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  • Weathering Tutorial

    Since I was unable to complete the weathering session at the recent Wamp event I was asked if I could translate my plans into a tutorial. Happily I excepted the offer and here it is.

    From a weathering perspective I like to build things up step by step in the same way as they would happen in real life. For example, the first step would be for any paint on top of the base coat to chip off leaving the under lying colour showing through. Then in the weathering process undercoat would show up, followed by dark rust spots, grim, rust streaks, oil streaks, dirt and finally worn but shiney metal. In following the natural process the weathering looks pretty convincing and quite realistic.



    Of course it's often said that less is more and the same is true of weathering. It's hard to know when to stop and how much is too much. But that's the fun of weathering, if you're anything like me you'll find it difficult to do it sparingly. Also try to follow the natural contours of the object, think about where water and oil would run as that would give a good indication where rust should be. Also think about which parts would be worn and which not so much. For example around doors would be pretty well worn whereas center of panels less so.

    When it comes to rust, old rust can be a very dark brown whereas very recent a yellow orange colour. Using these colour changes gives an impression of time and history to a object that can be fun to play with. Sometimes a contrast between a new part that's in mint condition on an old assembly can be cool too.

    Really it boils down to weathering adding interest and history in a natural kind of way.

    Here's how -

    For this tutorial i started with the back door of a GW tank painted Kommando Khaki with a nice blue stripe of Shadow Grey. I airbrushed the Khaki but just brushed the blue on. The metal parts got a quick base of silver.


    The first step is to give the impression that the blue stripe has been painted over the top of the Khaki but along the road it's been chipped off - in other words the base coat is showing through. To achieve this I used Khaki paint straight out of the pot and a corner of a sponge in a dabbing motion onto the blue stripe. I use the paint out of the pot as it gives nice crisp paint chips whereas watered down paint tends to leave more fuzzy marks.

    This stage can be used for simulating chipped camo patterns or decals.



    This stage simulates the undercoat bubbling through the base coat. I've found this is an important stage as it gives the weathering life later in the process and really adds a great deal of realism and depth.

    To do this I mixed the khaki with some white paint + water and dabbed it on using a sponge again. As I added water the marks are a great deal softer with less defined edges. In places I've lightly dragged the sponge across the base coat to give impressions of scratches rather than bubbles.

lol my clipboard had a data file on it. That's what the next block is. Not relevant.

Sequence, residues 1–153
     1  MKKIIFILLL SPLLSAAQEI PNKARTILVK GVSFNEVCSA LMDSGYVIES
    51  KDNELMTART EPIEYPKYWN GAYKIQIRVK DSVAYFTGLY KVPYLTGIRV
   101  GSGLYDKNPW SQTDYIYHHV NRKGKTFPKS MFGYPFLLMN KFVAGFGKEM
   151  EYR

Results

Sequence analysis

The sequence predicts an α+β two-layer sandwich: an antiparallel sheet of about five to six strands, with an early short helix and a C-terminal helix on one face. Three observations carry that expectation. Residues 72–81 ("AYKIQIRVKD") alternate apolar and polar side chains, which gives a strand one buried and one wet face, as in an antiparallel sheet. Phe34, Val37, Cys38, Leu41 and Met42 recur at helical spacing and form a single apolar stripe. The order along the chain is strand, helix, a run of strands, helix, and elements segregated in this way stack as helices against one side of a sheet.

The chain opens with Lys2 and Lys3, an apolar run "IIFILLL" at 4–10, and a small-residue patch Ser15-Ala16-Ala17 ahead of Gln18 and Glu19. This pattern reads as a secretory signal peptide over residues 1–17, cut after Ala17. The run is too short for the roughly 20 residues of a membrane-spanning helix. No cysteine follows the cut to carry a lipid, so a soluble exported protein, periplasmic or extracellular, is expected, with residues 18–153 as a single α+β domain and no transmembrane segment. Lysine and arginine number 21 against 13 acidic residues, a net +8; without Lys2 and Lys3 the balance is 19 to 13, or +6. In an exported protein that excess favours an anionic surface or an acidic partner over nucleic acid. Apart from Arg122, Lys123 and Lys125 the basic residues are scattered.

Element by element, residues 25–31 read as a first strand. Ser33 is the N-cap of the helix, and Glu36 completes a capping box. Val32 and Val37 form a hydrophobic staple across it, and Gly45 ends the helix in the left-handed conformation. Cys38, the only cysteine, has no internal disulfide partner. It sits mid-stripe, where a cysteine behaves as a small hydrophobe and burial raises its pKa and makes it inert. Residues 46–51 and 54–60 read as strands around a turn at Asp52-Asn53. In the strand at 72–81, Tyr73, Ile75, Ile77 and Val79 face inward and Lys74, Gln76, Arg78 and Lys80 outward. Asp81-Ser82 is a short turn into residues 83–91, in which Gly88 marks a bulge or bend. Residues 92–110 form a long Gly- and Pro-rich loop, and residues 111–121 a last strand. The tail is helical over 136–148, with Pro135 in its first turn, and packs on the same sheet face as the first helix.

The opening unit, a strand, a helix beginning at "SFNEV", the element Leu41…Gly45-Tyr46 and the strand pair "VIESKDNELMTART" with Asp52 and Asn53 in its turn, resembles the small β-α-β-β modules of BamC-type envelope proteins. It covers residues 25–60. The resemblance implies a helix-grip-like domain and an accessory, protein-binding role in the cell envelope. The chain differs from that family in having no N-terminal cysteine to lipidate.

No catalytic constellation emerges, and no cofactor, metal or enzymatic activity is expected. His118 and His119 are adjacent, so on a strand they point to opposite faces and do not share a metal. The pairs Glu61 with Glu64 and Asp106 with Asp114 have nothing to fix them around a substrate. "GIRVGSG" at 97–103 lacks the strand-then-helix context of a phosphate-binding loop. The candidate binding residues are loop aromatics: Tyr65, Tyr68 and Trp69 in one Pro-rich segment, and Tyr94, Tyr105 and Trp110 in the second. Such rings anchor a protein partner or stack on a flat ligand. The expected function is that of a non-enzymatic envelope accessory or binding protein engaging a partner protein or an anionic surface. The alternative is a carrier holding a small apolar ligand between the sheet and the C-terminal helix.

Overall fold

This works with any paint scheme, blue with a sponge of light blue, grey with light grey and so on. I'm concentrating this onto the edge of panels or to places where I think rust or scratches would naturally be - around the door frame or near handles for example.




    Here I'm adding old rust starting to show through the undercoat.

    Using a mixture of black and scorched brown without water I've dabbed on the rust spots and rubbed on some scratches. To load the sponge I dipped it into the paint mixture and dabble most of it off onto some kitchen towel until it's almost dry. You can tell when it's ready as rather than leaving a great big splat it leaves tiny random spots and shapes.

    Once again I'm following the natural places where rust would occur.



    Next I add general grime.

    I mix plenty of Gryphonne Sepia with a tip of black to make quite a dark wash. I only use these colours as I like how it turns out, I'm sure the mud or new earth washes would work equally as well.

    I spread the wash all over the whole part but leave it to pool in panel recesses and along edges. I wait for this to dry naturally as using a hair dryer sometimes blows the wash to strange places I also like to leave it flat to dry out so that the wash isn't pulled away by gravity.



    At this stage I'm starting to build the grime up in specific places.

    Using the same mix as the last stage I'm starting to add some grimy streaks and areas of more dirt. For this example I concentrated on a couple of rivets, below the door and above the right piston. These were build up slowly over about a dozen or so thin layers being careful to let each area to dry before applying the next.



    Here I'm starting to add a rust colour to the areas of increase grime.

    Using many glazes of Graveyard Earth I once again build up areas where I think the rust and dirt would naturally build up. Again I'm careful to let each layer dry before doing the next. If I didn't do this I would drag off the previous layer to leave tide marks.



    More and more rust streaks are now showing through.